It is a font with fine, homogeneous characters, and good readability. In the case of Foster + Partners, Akzidenz enhances their commercial intentions, representing the masses and corporations with solidity.
It should be noted that the use of Akzidenz follows the renewal of the previous F+P’ corporate identity leaded by Rotis Sans, a font that is nowadays associated with its overuse by F+P and their followers in architecture, signage and branding design (for example, the Bilbao Metro).
4. Enric Miralles — Benedetta Tagliabue
The “drawn letterform” by Miralles, morphologically, relates directly to the way in which its author drew his plans. The drawing is accurate and geometrical, privileging its way of construction over its function. It is based on the lettering method used in Miralles’ office. It is a radical example of geometric design in typography. Its lack of contrast and optical corrections fit the shapes to the ductus.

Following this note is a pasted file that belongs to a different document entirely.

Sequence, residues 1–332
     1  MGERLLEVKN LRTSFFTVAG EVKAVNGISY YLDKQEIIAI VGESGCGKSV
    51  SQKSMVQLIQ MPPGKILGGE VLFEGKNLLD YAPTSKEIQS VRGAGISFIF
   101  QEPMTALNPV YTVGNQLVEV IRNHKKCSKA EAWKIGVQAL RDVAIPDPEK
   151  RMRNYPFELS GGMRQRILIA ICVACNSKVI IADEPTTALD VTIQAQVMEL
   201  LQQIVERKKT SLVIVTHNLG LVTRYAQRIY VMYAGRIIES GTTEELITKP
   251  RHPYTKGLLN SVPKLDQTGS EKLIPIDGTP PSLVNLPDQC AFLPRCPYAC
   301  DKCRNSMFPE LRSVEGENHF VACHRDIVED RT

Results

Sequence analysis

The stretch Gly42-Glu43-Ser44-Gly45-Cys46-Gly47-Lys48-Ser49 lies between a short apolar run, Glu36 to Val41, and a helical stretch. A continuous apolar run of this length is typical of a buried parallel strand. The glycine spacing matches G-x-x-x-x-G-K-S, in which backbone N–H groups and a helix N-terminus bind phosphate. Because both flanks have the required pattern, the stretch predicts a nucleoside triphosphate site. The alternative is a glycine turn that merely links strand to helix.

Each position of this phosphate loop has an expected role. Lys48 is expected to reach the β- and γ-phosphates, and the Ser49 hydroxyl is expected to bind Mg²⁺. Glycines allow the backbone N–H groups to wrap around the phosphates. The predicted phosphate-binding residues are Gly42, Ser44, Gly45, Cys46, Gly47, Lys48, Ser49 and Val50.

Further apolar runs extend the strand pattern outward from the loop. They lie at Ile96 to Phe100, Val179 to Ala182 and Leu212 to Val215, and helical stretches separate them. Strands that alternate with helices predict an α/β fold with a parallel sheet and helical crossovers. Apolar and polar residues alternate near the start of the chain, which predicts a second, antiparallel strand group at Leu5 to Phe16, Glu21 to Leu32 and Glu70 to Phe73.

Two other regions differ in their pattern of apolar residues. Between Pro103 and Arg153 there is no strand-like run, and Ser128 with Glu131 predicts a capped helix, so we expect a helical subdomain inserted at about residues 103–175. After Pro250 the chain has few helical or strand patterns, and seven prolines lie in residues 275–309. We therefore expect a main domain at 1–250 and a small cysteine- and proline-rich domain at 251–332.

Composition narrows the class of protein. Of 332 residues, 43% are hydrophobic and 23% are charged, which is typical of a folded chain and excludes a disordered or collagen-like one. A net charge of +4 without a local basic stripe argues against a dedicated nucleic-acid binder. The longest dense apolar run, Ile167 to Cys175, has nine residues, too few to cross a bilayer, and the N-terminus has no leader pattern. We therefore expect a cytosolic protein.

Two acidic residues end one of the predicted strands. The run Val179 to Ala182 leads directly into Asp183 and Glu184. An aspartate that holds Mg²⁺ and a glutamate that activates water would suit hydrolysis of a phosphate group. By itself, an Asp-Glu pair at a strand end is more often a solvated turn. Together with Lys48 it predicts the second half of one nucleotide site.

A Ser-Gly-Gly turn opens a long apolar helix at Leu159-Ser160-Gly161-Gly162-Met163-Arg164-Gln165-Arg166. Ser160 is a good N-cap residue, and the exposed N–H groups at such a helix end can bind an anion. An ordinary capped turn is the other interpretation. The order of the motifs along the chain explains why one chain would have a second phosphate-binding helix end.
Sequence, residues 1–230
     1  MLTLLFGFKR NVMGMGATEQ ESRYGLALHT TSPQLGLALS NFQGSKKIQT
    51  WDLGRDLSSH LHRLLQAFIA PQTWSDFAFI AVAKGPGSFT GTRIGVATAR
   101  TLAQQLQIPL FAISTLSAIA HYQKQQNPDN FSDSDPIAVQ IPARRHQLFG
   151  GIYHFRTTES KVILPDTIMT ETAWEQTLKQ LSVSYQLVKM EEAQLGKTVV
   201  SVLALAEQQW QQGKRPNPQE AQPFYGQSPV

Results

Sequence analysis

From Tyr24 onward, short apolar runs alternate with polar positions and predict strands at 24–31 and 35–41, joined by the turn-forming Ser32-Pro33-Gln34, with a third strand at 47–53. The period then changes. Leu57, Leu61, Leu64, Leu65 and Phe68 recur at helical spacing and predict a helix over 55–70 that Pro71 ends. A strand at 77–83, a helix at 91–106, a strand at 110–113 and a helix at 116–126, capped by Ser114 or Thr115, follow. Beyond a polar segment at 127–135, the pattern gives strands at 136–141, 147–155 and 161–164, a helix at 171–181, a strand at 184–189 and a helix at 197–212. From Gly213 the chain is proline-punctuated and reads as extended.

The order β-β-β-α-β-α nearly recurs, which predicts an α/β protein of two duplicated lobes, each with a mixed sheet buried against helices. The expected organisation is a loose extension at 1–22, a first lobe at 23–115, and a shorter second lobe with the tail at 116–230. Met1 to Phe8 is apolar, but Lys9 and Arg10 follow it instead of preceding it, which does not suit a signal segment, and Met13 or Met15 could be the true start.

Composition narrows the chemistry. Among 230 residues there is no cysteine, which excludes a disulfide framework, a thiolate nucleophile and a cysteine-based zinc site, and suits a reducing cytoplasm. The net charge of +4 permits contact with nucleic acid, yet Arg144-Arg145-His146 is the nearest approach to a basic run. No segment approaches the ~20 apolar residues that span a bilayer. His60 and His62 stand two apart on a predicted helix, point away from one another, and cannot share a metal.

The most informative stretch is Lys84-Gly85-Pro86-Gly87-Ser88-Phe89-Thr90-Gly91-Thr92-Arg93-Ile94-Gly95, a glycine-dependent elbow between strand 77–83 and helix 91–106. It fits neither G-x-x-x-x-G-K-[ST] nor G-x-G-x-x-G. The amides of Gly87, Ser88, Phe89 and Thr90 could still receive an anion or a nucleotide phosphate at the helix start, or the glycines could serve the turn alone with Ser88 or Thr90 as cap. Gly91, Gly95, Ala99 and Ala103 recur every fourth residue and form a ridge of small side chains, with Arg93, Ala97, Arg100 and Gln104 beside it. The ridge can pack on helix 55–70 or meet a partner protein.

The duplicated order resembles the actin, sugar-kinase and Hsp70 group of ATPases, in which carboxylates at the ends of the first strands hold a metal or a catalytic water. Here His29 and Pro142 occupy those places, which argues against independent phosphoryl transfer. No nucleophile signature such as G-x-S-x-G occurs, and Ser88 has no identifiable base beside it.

It is a typeface with little legibility and poor readability. The aesthetics on its shapes are taken as a priority over any functionality. These features make a short reach typeface, as it is only used in the place it was designed and by Miralles’ followers. It is an alphabet shaped geometry that makes a sui generis typeface, which might be assigned to Display category, used best in logos or headlines. However, its use in Miralles’ works exceeds these limitations, using it in plans, signage, etc.
5. Mies van der Rohe
Allzweck / Planzkissen is a typeface based on the characters designed by Mies van der Rohe for some of his buildings, such as the Toronto Dominion Centre and Berlin’s Neue National Galerie.